The American Cyclopædia (1879)/Fortune, Robert

Edition of 1879. See also Robert Fortune on Wikipedia, and the disclaimer.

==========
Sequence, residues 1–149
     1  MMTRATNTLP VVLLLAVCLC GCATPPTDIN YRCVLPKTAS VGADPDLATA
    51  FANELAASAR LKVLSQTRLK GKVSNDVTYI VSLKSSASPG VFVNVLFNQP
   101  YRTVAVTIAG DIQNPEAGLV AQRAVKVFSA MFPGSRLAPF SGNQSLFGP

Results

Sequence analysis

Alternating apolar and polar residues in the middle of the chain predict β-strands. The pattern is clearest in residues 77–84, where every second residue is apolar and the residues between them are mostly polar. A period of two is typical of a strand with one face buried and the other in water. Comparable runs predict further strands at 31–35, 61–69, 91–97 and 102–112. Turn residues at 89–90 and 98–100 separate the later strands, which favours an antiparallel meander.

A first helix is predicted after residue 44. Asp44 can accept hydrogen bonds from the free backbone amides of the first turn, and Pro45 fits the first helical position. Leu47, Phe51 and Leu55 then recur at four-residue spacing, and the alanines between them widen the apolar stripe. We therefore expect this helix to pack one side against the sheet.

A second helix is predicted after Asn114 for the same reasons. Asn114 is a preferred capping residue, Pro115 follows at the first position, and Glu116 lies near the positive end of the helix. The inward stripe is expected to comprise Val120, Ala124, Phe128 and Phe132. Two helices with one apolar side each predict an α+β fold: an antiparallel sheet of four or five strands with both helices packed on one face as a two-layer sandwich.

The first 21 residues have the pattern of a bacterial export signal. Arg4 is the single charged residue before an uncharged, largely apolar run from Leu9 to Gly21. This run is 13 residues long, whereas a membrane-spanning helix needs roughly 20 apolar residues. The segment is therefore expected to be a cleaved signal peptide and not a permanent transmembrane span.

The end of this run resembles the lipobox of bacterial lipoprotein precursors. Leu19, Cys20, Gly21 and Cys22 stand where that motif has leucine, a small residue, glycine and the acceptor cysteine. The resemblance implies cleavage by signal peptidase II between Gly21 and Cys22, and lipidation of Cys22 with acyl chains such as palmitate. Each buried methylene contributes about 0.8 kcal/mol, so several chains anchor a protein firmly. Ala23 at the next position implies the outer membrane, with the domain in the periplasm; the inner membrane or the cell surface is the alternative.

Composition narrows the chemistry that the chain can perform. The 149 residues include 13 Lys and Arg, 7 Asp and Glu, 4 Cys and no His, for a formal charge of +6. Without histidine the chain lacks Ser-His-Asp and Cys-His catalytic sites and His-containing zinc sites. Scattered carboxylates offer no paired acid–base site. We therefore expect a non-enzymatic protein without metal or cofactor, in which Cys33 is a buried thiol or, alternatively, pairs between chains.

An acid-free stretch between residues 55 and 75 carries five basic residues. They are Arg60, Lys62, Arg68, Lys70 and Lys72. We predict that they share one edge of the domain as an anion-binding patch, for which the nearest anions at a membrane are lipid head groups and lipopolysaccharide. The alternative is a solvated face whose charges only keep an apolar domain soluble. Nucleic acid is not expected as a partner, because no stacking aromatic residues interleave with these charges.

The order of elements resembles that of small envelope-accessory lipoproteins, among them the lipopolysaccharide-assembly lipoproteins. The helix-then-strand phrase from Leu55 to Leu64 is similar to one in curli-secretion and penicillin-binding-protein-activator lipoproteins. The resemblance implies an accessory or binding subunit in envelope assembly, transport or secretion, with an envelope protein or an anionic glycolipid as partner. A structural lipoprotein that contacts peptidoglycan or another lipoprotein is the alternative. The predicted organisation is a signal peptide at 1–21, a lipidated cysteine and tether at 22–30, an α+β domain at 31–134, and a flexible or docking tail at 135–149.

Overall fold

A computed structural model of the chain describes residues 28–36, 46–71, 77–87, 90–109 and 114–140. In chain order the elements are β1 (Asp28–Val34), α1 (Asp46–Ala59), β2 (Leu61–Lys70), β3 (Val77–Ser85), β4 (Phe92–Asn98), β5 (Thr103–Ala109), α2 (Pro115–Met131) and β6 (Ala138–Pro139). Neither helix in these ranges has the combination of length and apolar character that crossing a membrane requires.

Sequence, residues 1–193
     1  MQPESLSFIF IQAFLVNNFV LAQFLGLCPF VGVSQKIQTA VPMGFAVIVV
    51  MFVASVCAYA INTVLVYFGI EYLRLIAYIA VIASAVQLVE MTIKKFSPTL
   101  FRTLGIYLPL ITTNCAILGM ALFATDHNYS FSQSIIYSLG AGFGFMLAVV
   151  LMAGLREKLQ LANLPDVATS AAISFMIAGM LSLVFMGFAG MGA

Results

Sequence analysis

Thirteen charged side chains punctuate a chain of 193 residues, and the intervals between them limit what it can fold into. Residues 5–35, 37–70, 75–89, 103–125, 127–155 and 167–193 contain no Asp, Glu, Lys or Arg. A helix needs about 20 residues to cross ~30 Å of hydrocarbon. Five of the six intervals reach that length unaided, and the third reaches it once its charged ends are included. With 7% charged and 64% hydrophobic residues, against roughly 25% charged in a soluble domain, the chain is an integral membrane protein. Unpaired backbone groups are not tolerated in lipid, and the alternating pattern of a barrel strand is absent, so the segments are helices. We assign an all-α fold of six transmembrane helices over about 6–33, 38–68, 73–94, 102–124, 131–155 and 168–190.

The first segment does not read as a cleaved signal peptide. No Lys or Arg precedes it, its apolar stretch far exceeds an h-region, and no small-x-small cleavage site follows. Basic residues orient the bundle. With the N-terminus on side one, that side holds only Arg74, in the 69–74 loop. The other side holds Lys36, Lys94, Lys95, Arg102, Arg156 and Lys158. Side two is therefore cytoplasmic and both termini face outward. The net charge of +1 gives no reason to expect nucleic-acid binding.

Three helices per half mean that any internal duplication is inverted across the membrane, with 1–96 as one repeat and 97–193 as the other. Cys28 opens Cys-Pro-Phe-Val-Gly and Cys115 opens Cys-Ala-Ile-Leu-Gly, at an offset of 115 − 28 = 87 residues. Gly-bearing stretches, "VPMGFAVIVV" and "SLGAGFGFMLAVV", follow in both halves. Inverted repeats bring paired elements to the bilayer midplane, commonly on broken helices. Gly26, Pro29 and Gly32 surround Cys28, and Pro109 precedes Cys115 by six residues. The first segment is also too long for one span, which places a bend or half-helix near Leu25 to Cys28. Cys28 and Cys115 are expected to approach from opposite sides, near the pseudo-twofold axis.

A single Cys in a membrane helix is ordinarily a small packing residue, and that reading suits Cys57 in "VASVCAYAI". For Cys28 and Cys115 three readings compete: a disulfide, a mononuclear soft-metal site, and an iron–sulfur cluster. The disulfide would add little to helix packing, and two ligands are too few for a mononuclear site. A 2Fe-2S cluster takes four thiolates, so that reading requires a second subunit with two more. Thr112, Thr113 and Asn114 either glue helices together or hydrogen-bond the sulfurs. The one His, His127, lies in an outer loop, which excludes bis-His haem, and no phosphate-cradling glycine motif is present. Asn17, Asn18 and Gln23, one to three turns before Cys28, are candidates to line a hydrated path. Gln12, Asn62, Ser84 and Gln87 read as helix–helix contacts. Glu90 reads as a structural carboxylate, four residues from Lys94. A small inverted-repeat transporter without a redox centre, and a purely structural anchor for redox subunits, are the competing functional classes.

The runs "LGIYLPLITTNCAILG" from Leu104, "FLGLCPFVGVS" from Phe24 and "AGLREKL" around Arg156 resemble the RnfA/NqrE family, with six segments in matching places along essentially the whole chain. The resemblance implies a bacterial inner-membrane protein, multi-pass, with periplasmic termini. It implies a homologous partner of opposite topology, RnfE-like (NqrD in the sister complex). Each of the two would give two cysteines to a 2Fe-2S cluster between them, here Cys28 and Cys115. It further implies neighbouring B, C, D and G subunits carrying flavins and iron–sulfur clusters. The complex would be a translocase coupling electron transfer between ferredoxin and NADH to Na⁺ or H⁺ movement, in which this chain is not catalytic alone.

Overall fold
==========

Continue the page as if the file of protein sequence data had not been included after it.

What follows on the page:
FORTUNE, Robert, a Scottish botanist, born in Berwickshire in 1813. He was brought up as a horticulturist, and having procured employment in the botanical gardens of Edinburgh, attended the lectures of the university professor. He was afterward employed in the botanical gardens at Chiswick, and was appointed by the London horticultural society as collector of plants in northern China, which the peace of 1842 had just thrown open to Europeans. His “Three Years' Wanderings in the Northern Provinces of China” (2 vols. 8vo, 1847), published soon after his return, affords full information of the horticulture and agriculture of the Chinese. After superintending for several months the gardens of the apothecaries' company at Chelsea, he again departed in the latter part of 1848 for China, under the auspices of the East India company, to examine and report upon the nature and method of cultivation of the tea plant, and to collect its seeds and introduce its culture into northern India. After an absence of more than three years, he returned to England and published “Two Visits to the Tea Countries of China” (2 vols. 8vo, 1852). He soon made a third tour to the same country, the results of which were given in his “Residence among the Chinese, Inland, on the Coast, and at Sea, being the Third Visit from 1853 to 1856” (8vo, 1857). In 1857 he was employed by the United States patent office to visit China to collect the seeds of the tea shrub and of other plants, with a view to the introduction of their cultivation into the United States. He proceeded from England by the overland route directly to the tea districts in the middle and northern provinces of China, where he remained until March, 1859, and collected a large quantity of seeds, which he shipped to the United States. He returned to England in May, and has since published “Yedo and Pekin” (London, 1863).